NBA Scout Bonnie-Jill Laflin Bares All For PETA Ad

Bonnie-Jill Laflin

PETA continues to unleashed sexy photoshoots, garnering a lot of attention. In March, they unveiled the anticipated “Ink Not Mink” campaign with Waka Flocka, followed by a special skin-baring shoot with model Vida Guerra.

Now, the animal rights organization sent out imagery to us for a new ad campaign starring model/ first and only female NBA scout Bonnie-Jill Laflin.

Standing in a locker room and wearing absolutely nothing but her beautiful smile, Laflin appears in a brand-new PETA ad that reads, “Want My Body? Go Vegetarian!”

Laflin — a former cheerleader for the Golden State Warriors and the NFL’s Dallas Cowboys — wants her legions of admirers to know that besides saving the lives and preventing the suffering of more than 100 animals every year, going vegetarian is one of the healthiest choices you can make.

According to the NBA professional, vegetarians, on average, are fitter and trimmer than meat-eaters and are less likely to be stricken with today’s leading killer diseases.

“I hope after seeing this campaign that people will … want to go to PETA.org … and see what happens to these animals in slaughterhouses,” said Laflin in an interview. “[W]hen you see these animals being slaughtered and tortured … you’ll think twice about ordering that steak.” She adds, “You can have a beautiful body … feel great, look great, and be a vegetarian.”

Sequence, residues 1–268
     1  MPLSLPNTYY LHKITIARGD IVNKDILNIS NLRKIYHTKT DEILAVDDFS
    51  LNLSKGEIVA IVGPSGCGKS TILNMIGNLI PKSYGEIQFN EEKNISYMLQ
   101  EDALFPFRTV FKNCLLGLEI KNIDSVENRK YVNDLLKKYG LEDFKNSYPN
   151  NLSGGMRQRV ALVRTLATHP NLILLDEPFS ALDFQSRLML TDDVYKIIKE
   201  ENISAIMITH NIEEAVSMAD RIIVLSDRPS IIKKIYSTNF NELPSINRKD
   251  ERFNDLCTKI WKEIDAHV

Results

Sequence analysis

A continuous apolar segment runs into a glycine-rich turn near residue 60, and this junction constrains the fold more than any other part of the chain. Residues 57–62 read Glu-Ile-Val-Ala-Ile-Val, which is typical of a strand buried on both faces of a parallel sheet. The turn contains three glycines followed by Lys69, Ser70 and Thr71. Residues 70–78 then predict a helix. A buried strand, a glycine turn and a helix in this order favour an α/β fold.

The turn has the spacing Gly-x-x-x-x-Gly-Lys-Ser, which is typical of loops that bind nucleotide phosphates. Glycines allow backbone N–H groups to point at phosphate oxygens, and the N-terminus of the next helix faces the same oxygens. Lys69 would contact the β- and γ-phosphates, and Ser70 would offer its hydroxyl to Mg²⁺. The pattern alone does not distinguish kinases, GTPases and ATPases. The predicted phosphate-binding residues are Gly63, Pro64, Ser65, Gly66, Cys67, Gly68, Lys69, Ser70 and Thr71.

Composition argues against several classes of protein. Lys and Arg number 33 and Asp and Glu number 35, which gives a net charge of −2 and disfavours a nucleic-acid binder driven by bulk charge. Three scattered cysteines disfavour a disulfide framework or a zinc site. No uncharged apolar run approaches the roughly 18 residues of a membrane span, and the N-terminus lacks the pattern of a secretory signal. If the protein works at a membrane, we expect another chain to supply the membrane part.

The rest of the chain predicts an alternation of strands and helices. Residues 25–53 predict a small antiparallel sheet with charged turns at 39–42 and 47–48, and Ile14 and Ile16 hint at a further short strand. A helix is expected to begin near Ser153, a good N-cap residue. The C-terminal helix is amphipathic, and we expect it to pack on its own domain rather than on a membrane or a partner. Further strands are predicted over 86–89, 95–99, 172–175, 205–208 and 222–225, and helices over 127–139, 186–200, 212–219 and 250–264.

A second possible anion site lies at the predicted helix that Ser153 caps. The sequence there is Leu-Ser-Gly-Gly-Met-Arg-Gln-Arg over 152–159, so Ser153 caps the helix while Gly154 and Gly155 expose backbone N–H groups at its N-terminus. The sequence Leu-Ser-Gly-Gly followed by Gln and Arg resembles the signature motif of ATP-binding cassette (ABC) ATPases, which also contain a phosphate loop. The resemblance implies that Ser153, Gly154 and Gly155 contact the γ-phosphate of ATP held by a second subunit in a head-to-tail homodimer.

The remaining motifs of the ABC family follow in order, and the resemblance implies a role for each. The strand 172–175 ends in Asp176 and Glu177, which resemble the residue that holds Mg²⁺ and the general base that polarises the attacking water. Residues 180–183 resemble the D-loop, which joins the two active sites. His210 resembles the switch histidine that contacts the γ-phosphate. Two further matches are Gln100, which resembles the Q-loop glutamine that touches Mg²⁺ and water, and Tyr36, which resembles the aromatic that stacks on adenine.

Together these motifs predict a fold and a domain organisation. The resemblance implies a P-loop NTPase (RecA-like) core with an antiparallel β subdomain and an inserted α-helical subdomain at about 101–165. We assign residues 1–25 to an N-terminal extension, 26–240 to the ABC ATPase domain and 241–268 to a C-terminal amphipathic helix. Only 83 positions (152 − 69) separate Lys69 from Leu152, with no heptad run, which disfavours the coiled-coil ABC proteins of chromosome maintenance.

Below is a brief rundown of why being vegetarian is a healthy choice, courtesy of PETA.org:

Meat, eggs, and dairy products contain no fiber and are loaded with artery-clogging saturated fat and cholesterol. Consumption of animal-derived foods has been linked to heart disease, strokes, diabetes, obesity, and cancer. Heart specialist Dr. Dean Ornish has demonstrated that following a naturally low-fat, vegan diet can often reverse the effects of heart disease in people who used to eat meat and dairy products. In fact, former President Bill Clinton—who underwent coronary bypass surgery in 2004—has shed more than 20 unwanted pounds on his new heart-healthy diet, which he describes as “pretty much” vegan. Many athletes—including Jake Shields, Ricky Williams, John Salley, Rich Roll, Mac Danzig, Georges Laraque, and Bob Harper—have also adopted vegetarian diets.

1 comment
  1. How about a non-biased, concise site with over 40 well-researched pro and con arguments to the question:

    Should people become vegetarian?

    http://vegetarian.procon.org

    – In 2010, each person in the US ate an average of 57.5 pounds of beef, 46.5 pounds of pork, and 82 pounds of chicken. Vegetarians, about 3.2% of the US population, do not eat meat (including poultry and seafood). Many proponents of vegetarianism say that the meatless diet is healthier and better for the environment, and that killing animals for food is wrong. Many opponents of vegetarianism say that eating meat is natural, healthful, humane, and that people have done it for millions of years. ProCon.org’s 41st website explores the pros and cons in the debate over vegetarianism.

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